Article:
[T]he court has expressed reservations throughout this litigation that the unique circumstances of the conduct giving rise to this lawsuit make it a close call whether the case even falls within fair housing policies and statues, including the federal fair housing law upon which federal jurisdiction was predicated. The circumstances certainly fall outside the arena of the usual fair housing cases. The facts of this case reveal no endemic or even isolated discriminatory practice rectifiable by a mandatory injunction of the kind plaintiffs seek. The PCOA does not engage in offering housing, conditioning tenancies on any criteria, or perpetuating particular tenancies. The court is unable to articulate any purpose related to the substance of this case to be served by granting any of the aspects of the injunctions requested. Finally, "[i]n each case, a court must balance the competing claims of injury and must consider the effect on each party of the granting or withholding of the requested relief." Amoco Production Co. v. Village of Gambell, Alaska, 480 U.S. 531, 542 (1987). The PCOA board is a voluntary group whose service should not be unnecessarily burdened with requirements remote from their responsibilities predicated on an isolated instance of sexual harassment by a now-former employee unrelated to any condition of housing targeted by traditional fair housing concerns.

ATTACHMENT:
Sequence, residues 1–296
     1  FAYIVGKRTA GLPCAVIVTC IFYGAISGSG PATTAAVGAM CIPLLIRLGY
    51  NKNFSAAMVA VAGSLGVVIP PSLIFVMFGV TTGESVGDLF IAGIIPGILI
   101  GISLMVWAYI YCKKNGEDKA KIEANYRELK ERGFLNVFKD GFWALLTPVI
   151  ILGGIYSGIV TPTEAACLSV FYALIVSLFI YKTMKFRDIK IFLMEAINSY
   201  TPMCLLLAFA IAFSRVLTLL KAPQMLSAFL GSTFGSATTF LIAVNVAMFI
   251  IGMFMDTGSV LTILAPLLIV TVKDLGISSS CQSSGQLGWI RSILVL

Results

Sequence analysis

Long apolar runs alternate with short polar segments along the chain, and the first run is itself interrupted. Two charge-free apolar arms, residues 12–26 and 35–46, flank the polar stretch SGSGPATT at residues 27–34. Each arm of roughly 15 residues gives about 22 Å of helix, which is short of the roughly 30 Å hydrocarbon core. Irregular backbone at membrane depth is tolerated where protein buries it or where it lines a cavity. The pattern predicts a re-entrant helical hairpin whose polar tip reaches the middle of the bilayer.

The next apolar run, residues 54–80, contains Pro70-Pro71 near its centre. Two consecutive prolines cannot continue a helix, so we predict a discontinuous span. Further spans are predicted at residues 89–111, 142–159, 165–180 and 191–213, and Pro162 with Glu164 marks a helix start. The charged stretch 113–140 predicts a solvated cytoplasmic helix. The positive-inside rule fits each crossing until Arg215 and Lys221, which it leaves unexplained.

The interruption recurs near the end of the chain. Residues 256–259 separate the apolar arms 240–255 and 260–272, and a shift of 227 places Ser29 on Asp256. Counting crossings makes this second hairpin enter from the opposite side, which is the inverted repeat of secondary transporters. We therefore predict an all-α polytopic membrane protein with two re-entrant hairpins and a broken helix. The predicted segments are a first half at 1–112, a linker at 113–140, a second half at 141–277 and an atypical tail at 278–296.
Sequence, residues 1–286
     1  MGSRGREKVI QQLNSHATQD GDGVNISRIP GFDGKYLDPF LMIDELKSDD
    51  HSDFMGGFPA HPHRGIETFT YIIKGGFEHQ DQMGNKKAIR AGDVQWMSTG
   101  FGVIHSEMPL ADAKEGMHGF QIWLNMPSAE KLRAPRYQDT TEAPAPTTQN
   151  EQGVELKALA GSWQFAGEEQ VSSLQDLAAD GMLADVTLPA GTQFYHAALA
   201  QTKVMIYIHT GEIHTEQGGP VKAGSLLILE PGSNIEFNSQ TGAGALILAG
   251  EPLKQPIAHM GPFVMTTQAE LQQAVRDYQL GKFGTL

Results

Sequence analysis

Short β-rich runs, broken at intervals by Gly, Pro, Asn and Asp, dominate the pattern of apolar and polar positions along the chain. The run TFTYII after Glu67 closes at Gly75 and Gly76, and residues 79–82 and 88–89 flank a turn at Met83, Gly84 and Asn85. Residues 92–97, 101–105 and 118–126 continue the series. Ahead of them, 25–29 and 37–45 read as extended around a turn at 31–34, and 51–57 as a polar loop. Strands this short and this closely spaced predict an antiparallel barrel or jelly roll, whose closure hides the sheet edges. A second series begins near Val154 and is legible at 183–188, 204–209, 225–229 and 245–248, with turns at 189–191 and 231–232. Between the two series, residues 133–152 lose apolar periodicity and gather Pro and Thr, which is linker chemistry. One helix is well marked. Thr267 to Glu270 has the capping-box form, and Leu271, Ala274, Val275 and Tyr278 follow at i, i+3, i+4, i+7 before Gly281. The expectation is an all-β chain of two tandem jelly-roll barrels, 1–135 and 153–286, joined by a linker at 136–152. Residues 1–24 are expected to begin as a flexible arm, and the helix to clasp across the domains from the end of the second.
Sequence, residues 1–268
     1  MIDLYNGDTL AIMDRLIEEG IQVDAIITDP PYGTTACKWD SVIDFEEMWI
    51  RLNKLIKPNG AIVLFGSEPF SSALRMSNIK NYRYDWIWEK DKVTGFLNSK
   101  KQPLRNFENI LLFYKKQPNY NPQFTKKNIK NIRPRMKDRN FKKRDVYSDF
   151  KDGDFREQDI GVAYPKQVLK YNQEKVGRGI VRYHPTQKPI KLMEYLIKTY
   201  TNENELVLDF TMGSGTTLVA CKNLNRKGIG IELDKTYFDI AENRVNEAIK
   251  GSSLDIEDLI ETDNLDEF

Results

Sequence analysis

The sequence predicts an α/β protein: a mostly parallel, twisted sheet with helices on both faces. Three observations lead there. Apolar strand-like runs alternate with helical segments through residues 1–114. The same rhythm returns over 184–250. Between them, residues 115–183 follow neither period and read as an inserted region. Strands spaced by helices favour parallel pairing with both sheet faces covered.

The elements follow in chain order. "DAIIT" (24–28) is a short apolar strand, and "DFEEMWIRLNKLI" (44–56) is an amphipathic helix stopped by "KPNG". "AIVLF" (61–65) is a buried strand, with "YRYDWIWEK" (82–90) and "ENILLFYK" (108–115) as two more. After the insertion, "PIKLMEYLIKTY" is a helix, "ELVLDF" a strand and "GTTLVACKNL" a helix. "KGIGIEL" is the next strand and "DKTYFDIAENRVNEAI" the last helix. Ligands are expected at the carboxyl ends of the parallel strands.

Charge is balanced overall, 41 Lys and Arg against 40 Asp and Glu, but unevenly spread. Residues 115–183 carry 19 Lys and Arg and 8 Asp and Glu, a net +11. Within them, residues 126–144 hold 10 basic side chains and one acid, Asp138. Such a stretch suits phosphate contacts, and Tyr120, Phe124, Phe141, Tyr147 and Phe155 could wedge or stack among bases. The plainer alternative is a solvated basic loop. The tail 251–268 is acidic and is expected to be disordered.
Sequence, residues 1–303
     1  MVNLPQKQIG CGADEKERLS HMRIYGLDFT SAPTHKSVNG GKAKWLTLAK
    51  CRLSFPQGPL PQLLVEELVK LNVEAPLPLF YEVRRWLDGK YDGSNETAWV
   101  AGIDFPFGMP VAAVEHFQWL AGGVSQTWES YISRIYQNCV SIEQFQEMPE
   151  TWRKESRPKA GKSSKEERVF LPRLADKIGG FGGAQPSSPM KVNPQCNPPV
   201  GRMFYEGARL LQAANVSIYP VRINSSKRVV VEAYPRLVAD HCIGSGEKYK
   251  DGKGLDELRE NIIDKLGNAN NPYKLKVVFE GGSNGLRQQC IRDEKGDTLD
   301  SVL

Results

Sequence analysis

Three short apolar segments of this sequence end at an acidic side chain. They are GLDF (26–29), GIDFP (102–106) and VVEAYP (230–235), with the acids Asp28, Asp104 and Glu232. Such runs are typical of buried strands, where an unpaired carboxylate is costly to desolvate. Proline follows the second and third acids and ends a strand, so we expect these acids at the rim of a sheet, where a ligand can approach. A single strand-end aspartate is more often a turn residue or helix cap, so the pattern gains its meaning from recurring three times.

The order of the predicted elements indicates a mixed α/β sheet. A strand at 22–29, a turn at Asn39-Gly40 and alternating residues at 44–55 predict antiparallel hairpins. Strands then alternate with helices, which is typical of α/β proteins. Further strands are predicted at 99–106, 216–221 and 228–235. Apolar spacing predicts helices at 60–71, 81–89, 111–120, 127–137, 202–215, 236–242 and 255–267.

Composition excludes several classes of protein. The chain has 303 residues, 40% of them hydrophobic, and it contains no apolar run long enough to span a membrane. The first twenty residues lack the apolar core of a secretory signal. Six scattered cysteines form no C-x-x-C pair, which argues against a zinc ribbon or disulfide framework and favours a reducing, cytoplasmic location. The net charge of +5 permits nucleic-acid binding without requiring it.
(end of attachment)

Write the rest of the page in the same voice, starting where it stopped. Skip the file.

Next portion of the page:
Dkt No. 110, 3:5-18.

As prevailing plaintiffs, both Reed and the FHCSD now move to recover their claimed attorneys' fees and costs to prosecute this civil rights action.


A. Legal Standards

1. Reports And Recommendations

A district judge "may accept, reject, or modify the recommended decision, receive further evidence, or recommit the matter to the magistrate judge with instructions" on a dispositive matter prepared by a magistrate judge proceeding without the consent of the parties for all purposes. Rule 72(b); see 28 U.S.C. §636(b)(1). A party objecting to the recommended disposition of the matter may "serve and file specific objections to the proposed findings and recommendations," and "a party may respond to another party's objections." Rule 72(b). "[T]he court shall make a de novo determination of those portions of the report or specified proposed findings or recommendations to which objection is made." 28 U.S.C. §636(b)(1); United States v. Raddatz, 447 U.S. 667, 676 (1980) (when objections are made, the court must make a de novo determination of the factual findings to which there are objections). The court also reviews de novo the magistrate judge's conclusions of law. Gates v. Gomez, 60 F.3d 525, 530 (9th Cir. 1995). The statutory provision does not require that the district court conduct some lesser review when no objections are filed. Thomas v. Arn, 474 U.S. 140, 149-50 (1985); but see Robbins v. Carey, 481 F.3d 1143, 1146-47 (9th Cir. 2007) (the magistrate's conclusions of law are reviewed de novo, regardless of whether any party has filed objections thereto). "If neither party contests the magistrate's proposed findings of fact, the court may assume their correctness and decide the motion on the applicable law." Orand v. United States, 602 F.2d 207, 208 (9th Cir. 1979).